Thomas Jefferson, in a letter to James Madison in 1789, remarked that “the earth should belong only to the living generation,” who should have the right to be free of the trammels of preceeding ages. He asserted that the lifespan of a generation was 19 years, and that regimes, laws, and debts should be renewed and should expire at such intervals. An interesting thought. Edmund Burke stated that society is a contract between those departed, those alive, and those yet unborn. Madison pointed out that previous generations have created roads and bridges for the use of those who came afterward. Who does the world actually belong to?
I would assert now that the span of a generation (whether familial or cultural) has lengthened – both because the average lifespan has risen since the 1780’s, and because people now start families and have children much later, many 30 years or more after their parents had them. The average familial generation in the united states is just over 25 years, and it’s over 27 in the UK. I would argue that a working generation, in all its glory, from the time its participants are educated to the time most have hit their creative peak, is from their mid-late 20’s to the age of around 55 or 60. Between 30 and 40 years. Of course, many of our world leaders, CEO’s, and those making important decisions are older than that. But the most forward- mobile and potentially effectual generation at any given moment is the younger, up and coming one - those in their 20’s, 30’s, and 40’s who are working with enthusiasm, drive, passion, and zeal.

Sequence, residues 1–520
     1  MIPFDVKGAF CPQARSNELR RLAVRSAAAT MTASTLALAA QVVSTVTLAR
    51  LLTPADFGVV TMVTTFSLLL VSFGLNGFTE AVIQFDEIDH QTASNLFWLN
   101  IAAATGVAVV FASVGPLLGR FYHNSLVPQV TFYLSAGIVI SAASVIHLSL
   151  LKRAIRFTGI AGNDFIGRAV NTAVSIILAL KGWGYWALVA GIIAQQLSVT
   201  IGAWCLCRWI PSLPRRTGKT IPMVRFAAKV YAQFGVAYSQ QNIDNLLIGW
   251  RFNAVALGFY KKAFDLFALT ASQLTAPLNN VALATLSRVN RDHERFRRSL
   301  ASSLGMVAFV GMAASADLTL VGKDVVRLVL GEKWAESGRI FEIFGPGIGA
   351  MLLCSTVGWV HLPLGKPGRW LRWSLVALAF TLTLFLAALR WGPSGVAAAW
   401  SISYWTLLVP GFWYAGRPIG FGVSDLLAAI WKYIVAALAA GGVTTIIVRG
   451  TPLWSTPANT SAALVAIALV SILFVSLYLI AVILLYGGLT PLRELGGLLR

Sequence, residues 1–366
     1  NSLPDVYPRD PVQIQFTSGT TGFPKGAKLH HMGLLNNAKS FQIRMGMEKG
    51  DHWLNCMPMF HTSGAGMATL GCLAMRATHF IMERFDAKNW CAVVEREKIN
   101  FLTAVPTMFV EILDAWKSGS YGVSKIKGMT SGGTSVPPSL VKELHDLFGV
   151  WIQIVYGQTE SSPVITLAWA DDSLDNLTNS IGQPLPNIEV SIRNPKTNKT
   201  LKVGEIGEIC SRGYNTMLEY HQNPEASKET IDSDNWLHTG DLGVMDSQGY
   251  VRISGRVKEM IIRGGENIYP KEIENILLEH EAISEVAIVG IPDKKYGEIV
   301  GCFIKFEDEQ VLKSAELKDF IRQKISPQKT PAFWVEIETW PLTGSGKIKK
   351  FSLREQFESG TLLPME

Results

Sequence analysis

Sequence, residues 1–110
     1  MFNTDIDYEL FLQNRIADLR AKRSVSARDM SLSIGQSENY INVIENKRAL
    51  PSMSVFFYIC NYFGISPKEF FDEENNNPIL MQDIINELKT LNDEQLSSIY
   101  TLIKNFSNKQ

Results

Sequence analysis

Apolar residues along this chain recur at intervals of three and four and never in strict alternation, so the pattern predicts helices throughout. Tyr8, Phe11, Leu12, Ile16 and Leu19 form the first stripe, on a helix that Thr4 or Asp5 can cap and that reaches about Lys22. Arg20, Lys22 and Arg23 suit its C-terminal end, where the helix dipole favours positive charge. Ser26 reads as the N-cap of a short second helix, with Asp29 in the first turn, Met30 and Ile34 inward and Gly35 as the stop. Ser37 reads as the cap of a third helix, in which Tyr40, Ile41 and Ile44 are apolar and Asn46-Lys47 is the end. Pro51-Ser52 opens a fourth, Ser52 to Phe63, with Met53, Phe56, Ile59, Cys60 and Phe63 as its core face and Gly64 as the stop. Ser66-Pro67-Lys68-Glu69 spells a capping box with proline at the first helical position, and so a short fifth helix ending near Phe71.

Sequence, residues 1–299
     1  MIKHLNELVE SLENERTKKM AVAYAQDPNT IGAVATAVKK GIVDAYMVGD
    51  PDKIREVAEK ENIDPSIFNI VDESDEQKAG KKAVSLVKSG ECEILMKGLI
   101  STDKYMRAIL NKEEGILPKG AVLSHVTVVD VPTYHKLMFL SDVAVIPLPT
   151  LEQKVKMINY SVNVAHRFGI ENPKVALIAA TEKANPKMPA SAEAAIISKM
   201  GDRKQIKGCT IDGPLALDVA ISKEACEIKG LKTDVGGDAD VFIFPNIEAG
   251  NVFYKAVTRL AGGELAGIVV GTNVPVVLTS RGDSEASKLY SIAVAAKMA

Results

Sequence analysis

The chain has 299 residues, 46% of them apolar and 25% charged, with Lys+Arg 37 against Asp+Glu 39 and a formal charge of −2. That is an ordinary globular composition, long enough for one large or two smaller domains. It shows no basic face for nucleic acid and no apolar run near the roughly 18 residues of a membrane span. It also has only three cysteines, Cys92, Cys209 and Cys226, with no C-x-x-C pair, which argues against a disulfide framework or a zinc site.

It seems as though many of my generation have a tendency to think of the world as ‘just the way it is’ without much hope for massive restructure or change. This is ironic because we have seen such massive structural change in our lifetimes alone. I was born into a world with no internet, no cell phones, no personal computers, and I grew up as these massive networks slowly took place and began to restructure our communication and our day to day lives. In the not so distant past, and throughout history, the borderlines of cities, countries, and ideas have constantly been malleable, but now when you ask people they seem to think that everything is set in stone, that politics are beyond our control, and that there’s not much we can do except occasionally vote and hope for the best. But politics are driven by people, and I believe that the best changes ever made to our world have been those made by the strength and courage of a few who were willing to stand up and work for what they believed in, even if it meant risking their lives and going against the status quo. Many of us have become too complacent, or overwhelmed, or burdened with things that make no difference, and it’s time for our generation to start taking the reins. We are certainly not children anymore.
The earth certainly does belong to the 'living generation', but only to those who choose to live in it.